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AOL history

AOL, also known as America Online, wasn’t the first online service. But it became the biggest and most popular one. For many people of a certain age, AOL was their first experience with a modem, or with the Internet. Let’s take a look back at AOL history and how its legacy affects things even today.

AOL long had a reputation as a place where inexperienced, unsophisticated computer users hung out, but the company had a long streak of innovation and was ahead of its time in many regards. I’ll bet you had no idea the history of America Online begins way back in 1983. And you may also be surprised to hear the company still exists, though in a different form, even today.

Control Video Corporation, 1983

AOL history

For many people, the most enduring relic of AOL history is the CDs. Lots and lots of CDs. That may make it even more surprising that AOL started in the early 1980s.

The company that became AOL was founded in 1983 by Bill von Meister, as Control Video Corporation. Control Video Corporation had the forward-thinking idea to distribute Atari 2600 video games over the phone. Through its service, Gameline, you rented games from its library of 76 titles for $1. You can almost think of Control Video as the original digital distribution publisher, a forerunner to Steam and Netflix. One of its first employees was Steve Case. Gameline cost $49.95 with a $15 setup fee, and gave you free unlimited rentals on your birthday.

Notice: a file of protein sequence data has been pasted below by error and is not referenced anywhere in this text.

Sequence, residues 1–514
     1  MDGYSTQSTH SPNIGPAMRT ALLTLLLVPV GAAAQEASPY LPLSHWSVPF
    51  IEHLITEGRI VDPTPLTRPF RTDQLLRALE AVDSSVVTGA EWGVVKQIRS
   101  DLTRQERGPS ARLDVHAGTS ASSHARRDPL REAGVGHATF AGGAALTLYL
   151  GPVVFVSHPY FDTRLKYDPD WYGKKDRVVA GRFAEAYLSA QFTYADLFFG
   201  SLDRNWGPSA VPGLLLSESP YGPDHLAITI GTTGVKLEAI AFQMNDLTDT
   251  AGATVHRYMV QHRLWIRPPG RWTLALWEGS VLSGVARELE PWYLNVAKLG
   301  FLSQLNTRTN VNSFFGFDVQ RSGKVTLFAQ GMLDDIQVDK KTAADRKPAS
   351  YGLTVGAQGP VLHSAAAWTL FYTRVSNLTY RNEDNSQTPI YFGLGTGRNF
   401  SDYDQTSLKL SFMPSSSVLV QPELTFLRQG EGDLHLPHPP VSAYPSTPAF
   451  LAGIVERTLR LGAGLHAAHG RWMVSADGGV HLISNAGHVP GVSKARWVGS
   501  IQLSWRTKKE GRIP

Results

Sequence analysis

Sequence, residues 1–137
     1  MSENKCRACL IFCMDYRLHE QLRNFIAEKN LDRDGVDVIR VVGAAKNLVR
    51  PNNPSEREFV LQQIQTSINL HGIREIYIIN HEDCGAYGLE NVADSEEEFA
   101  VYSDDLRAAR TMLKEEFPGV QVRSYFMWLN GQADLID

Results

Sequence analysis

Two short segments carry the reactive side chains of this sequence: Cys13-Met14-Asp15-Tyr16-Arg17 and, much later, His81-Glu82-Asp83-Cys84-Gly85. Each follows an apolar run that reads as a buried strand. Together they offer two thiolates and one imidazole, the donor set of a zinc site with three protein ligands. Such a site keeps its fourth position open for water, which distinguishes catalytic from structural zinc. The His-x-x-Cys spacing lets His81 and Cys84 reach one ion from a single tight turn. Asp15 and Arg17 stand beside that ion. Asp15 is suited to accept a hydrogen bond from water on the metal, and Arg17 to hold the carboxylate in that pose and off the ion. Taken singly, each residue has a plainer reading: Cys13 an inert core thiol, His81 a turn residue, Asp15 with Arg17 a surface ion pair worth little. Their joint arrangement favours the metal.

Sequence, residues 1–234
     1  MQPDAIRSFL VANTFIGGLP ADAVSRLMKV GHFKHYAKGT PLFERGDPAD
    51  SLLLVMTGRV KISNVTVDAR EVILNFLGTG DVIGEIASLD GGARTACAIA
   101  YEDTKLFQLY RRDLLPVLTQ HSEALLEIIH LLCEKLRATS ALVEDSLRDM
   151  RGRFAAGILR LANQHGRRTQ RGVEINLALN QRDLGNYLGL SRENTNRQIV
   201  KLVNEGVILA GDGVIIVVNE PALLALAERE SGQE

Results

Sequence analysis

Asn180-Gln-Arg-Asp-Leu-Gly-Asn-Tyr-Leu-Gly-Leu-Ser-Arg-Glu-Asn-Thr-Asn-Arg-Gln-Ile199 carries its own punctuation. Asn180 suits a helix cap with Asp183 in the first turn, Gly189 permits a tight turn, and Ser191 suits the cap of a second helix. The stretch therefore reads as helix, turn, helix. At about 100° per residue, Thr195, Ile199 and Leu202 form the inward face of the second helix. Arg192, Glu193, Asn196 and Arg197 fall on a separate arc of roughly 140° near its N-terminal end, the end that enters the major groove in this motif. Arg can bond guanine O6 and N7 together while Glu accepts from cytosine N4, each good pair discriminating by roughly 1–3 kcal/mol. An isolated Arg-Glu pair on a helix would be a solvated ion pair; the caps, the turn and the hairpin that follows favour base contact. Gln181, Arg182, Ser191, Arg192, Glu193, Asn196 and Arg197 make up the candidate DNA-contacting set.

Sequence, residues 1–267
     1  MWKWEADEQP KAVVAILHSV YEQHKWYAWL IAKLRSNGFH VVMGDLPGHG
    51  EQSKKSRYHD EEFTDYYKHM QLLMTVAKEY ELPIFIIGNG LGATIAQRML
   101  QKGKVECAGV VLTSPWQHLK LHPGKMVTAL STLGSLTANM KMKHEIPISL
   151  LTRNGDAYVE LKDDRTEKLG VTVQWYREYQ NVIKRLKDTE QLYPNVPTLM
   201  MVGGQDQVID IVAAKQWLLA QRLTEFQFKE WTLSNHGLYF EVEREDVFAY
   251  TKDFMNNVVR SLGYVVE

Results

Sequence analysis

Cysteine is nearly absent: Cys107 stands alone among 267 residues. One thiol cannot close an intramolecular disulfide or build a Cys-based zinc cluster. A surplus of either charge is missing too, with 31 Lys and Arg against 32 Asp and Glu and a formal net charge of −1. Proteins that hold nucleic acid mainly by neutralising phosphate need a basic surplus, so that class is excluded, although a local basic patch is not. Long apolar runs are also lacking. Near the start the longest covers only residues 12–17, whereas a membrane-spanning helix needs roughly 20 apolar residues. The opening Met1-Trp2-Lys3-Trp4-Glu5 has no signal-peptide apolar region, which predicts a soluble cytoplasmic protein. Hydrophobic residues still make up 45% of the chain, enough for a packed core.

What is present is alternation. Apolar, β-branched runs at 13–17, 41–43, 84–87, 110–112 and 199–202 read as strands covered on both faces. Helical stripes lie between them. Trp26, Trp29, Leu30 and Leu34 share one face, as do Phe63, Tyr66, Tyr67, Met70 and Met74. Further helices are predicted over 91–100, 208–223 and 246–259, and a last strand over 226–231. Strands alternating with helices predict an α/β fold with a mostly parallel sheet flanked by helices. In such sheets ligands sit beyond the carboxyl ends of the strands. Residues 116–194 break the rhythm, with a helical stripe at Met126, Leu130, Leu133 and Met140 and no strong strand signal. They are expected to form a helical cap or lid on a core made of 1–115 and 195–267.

Downloading Atari cartridges over 1980s dialup sounds painfully slow, but the modem ran at 1200 bits per second. At that rate, a 4-kilobyte Atari game could download in about 35 seconds.

The problem is that Control Video Corporation’s timing couldn’t have possibly been worse. The Atari 2600 was the most popular video console of the time, but its popularity tanked in 1983 as consumers flocked to inexpensive home computers like the Commodore 64. Those who stuck with their Atari consoles weren’t inclined to rent titles for a dollar when they could buy the cartridges out of closeout bins for $3.

Control Video Corporation went bust a year later.

Rebirth as Quantum Computer Services

Control Video reorganized in May 1985 and shifted its focus from the most popular game console to the most popular home computer of its time. It licensed technology from a struggling online service called PlayNET, which it deployed and enhanced as a service called Quantum Link, or Q-Link.

Commodore made sense, as it was selling three million computers a year at the time, and it also offered inexpensive dialup modems. A Commodore 64, disk drive, and modem cost nearly $600 in 1985, but that was less than many competing computers at the time, such as the IBM PCjr and Coleco Adam. With other computers, the modem alone could cost $300. Commodore bundled a Q-Link disk with its modems and with some models of its computers, much like 90s computers bundled an AOL disk or pre-loaded AOL on their hard drives.